‘The abundant protein that we found in the plaques, and that the Americans found in the blood vessels of the brain, consisted of a small protein everybody now knows as beta-amyloid,’ Martins says. ‘This has been a central aspect of our approach.’
The more that researchers studied amyloid beta, the more the pieces of the puzzle seemed to fall into place. In most cases of familial Alzheimer’s, the inherited faulty gene causes an excess of amyloid beta to accumulate in the brain. People with Down’s syndrome, who also develop amyloid plaques early in life, have an extra copy of the gene that codes for the parent molecule, amyloid precursor protein. ‘The brains of people with Downs have amyloid even at the age of five or six,’ Martins says.
Although numerous changes have been shown to occur in the Alzheimer’s brain, amyloid’s position as the kingpin protein of the whole process appeared set. The theory that emerged is that first you get too much beta amyloid in the brain, which eventually aggregates. That causes cellular effects like chronic inflammation and oxidative stress. A second protein called TAU is affected: rather than doing its job of stabilising the neurons’ cytoskeleton, it also aggregates into tangles. After that – typically a decade or two after amyloid first began accumulating in the brain – neuronal cell death and the first symptoms of dementia follow.
If the amyloid cascade theory is correct, then the way to intervene appears obvious. Interfering with the excess production and aggregation of amyloid should halt the whole process. Two strategies for interrupting amyloid aggregation that, in lab tests at least, look like particularly good therapeutic options have been developed.
One possibility is to block the activity of an enzyme in the brain – a beta secretase enzyme called BACE 1 – that cleaves the amyloid precursor protein to produce amyloid beta. Merck & Co, AstraZeneca and Janssen are among the pharmaceutical companies that have developed and run large clinical trials on small-molecule beta secretase inhibitor drugs to block the activity of the enzyme.5
The other highly anticipated strategy was to develop monoclonal antibodies that recognise and mop up beta amyloid in the brain, preventing plaque formation and promoting clearance of the problem peptide from the brain. Pfizer, Biogen and Eli Lilly are among the pharma firms to have developed prospective Alzheimer’s therapies in this category.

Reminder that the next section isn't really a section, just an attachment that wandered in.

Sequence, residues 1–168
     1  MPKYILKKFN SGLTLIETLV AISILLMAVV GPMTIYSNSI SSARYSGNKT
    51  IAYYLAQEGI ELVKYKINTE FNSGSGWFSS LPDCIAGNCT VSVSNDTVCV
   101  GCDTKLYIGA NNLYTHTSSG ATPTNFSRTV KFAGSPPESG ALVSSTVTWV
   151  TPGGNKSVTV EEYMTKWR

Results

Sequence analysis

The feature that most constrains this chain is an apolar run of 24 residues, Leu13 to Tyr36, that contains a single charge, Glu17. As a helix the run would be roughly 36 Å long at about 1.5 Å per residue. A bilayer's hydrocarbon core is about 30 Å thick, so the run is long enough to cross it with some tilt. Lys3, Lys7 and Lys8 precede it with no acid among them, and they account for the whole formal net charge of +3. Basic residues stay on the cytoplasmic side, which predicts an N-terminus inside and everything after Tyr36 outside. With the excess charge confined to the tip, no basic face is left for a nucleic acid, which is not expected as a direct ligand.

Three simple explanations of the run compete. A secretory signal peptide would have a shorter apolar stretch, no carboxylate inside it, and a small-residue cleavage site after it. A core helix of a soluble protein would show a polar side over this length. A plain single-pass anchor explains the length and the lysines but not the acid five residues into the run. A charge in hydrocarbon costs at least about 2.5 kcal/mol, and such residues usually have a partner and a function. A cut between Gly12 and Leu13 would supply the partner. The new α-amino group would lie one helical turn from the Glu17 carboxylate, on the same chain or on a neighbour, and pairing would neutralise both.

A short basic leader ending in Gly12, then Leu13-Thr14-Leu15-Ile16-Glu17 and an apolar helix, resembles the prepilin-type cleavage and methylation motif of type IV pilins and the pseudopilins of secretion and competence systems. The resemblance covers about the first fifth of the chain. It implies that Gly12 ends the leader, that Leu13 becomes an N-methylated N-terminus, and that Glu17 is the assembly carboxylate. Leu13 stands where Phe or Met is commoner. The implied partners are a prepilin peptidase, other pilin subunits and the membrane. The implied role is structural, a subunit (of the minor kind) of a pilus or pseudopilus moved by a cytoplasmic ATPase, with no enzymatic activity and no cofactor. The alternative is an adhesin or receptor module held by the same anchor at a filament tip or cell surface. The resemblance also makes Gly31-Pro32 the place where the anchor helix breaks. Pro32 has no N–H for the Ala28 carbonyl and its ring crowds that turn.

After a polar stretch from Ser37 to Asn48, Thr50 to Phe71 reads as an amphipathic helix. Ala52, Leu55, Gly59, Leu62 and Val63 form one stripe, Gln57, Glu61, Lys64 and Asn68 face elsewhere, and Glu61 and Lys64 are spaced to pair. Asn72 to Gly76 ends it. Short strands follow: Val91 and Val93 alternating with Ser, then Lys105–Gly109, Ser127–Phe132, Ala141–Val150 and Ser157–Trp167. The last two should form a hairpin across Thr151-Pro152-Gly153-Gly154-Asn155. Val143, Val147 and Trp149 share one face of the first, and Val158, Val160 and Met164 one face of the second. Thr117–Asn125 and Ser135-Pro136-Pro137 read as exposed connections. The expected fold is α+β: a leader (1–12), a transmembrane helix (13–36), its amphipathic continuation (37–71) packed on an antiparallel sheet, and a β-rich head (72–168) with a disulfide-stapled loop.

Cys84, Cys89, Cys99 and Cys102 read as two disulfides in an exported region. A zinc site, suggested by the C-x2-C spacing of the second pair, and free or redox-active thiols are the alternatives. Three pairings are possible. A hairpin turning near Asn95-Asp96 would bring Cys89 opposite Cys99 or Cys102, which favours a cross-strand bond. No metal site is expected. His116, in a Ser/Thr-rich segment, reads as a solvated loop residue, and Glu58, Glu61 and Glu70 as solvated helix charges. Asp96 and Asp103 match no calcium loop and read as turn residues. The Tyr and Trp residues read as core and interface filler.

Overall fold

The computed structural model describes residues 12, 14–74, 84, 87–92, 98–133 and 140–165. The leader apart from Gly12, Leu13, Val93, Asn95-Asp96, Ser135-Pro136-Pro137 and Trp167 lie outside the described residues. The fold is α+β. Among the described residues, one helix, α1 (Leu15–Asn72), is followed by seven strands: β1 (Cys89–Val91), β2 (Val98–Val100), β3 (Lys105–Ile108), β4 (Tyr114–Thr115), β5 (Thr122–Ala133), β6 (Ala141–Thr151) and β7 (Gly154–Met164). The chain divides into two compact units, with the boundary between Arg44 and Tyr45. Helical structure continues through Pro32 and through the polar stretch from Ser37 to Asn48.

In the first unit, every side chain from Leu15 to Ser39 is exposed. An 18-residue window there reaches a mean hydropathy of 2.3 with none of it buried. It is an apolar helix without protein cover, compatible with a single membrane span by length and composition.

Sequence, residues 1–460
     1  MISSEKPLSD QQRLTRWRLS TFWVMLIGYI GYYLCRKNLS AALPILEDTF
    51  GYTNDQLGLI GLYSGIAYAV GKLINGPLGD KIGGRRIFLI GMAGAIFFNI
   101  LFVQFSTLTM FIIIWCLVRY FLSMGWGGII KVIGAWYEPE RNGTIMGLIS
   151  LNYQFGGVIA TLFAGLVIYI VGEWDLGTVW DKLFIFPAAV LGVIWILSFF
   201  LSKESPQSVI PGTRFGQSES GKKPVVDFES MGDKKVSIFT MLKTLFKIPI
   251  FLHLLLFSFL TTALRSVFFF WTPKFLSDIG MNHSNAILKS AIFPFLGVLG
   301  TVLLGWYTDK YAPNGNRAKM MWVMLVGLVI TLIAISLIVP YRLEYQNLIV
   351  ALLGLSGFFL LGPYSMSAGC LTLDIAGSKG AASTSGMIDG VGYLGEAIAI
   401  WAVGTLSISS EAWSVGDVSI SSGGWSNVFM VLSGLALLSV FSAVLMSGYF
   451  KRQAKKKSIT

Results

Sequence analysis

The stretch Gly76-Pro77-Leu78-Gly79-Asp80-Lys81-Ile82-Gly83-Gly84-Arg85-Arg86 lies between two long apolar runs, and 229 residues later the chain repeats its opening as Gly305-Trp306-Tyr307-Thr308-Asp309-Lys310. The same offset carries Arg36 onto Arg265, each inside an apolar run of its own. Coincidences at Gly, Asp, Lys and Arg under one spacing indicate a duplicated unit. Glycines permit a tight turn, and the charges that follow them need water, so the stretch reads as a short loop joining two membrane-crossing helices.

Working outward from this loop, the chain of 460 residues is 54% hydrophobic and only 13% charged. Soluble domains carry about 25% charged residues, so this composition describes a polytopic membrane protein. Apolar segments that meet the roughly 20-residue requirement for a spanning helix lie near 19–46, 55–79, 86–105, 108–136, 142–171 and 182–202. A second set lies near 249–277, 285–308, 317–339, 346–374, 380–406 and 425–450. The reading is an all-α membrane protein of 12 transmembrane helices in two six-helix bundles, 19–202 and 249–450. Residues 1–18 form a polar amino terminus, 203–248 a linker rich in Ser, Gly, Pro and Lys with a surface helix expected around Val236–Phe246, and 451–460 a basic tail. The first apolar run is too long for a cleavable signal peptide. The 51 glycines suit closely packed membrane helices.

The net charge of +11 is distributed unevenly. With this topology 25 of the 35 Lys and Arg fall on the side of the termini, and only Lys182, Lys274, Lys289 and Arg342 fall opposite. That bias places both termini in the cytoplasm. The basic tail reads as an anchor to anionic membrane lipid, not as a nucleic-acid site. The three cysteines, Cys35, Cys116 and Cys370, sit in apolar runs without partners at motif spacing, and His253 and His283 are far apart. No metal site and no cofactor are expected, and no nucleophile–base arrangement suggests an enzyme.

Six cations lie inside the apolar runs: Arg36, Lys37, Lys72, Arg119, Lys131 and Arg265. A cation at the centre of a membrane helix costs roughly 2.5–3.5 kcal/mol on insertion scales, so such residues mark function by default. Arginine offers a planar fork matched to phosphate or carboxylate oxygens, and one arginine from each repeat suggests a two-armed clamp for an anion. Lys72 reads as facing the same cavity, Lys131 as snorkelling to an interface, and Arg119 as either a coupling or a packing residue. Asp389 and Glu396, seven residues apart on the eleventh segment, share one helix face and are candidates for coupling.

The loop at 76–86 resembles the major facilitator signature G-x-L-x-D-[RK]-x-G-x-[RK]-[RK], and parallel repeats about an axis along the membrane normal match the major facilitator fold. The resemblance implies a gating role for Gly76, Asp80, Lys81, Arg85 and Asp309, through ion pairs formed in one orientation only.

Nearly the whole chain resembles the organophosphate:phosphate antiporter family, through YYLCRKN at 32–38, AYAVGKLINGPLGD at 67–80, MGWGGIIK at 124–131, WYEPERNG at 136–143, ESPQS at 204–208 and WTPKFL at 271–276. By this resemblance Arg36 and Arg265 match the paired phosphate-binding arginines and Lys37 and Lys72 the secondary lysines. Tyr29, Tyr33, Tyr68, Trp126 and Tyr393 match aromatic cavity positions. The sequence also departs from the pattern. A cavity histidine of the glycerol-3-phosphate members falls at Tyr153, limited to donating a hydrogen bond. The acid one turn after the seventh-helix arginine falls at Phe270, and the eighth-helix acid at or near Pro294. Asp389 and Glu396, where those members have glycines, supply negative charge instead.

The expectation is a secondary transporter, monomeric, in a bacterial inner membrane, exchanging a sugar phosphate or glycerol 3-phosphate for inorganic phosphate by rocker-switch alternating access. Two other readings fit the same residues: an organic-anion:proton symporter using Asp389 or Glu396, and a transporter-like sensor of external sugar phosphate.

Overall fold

In both cases, cell studies and animal models suggested all these therapies were safe and effective – they did what they were designed to do. Early stage clinical trials with humans appeared to offer glimmers of promise. And yet for every final stage clinical trial completed so far, the drugs have failed to show any slowing of participants’ cognitive decline.
In February 2018, Merck discontinued the Phase III trial of its BACE 1 inhibitor veribicestat (MK-8931). One month earlier, Pfizer threw up its hands and quit Alzheimer’s research altogether following its own failures with its bapineuzumab antibody.6
Why aren’t these drugs working? Right now, nobody is certain. But there are a number of theories. And a handful of drug trials going on right now could soon tell us which one is right.
One possible reason for the endless string of drug trial failures is that the amyloid theory of Alzheimer’s – a hypothesis so many scientists have been seduced by – is wrong. ‘The failure of all those clinical trails tells us what it’s not, and that’s very important information,’ says Ashley Bush, an Alzheimer’s researcher and clinician at the Florey Institute of Neuroscience and Mental Health in Melbourne, Australia. The amyloid theory ‘has been flogged very hard, and if it had something to say surely it would have said it by now’. At the very least, it’s about time other theories received more oxygen, he argues.
For the past 25 years, Bush has studied the role of metals and oxidative stress in neurodegeneration and dementia. Bush’s research points to elevated iron levels in Alzheimer’s patients’ brains, not amyloid, as the most significant factor at play – and he currently leads a clinical trial to test iron-clearing drugs in Alzheimer’s patients (see box Iron in the fire below). Iron, which can readily switch between the +2 and +3 oxidation state, is renowned for generating free radicals.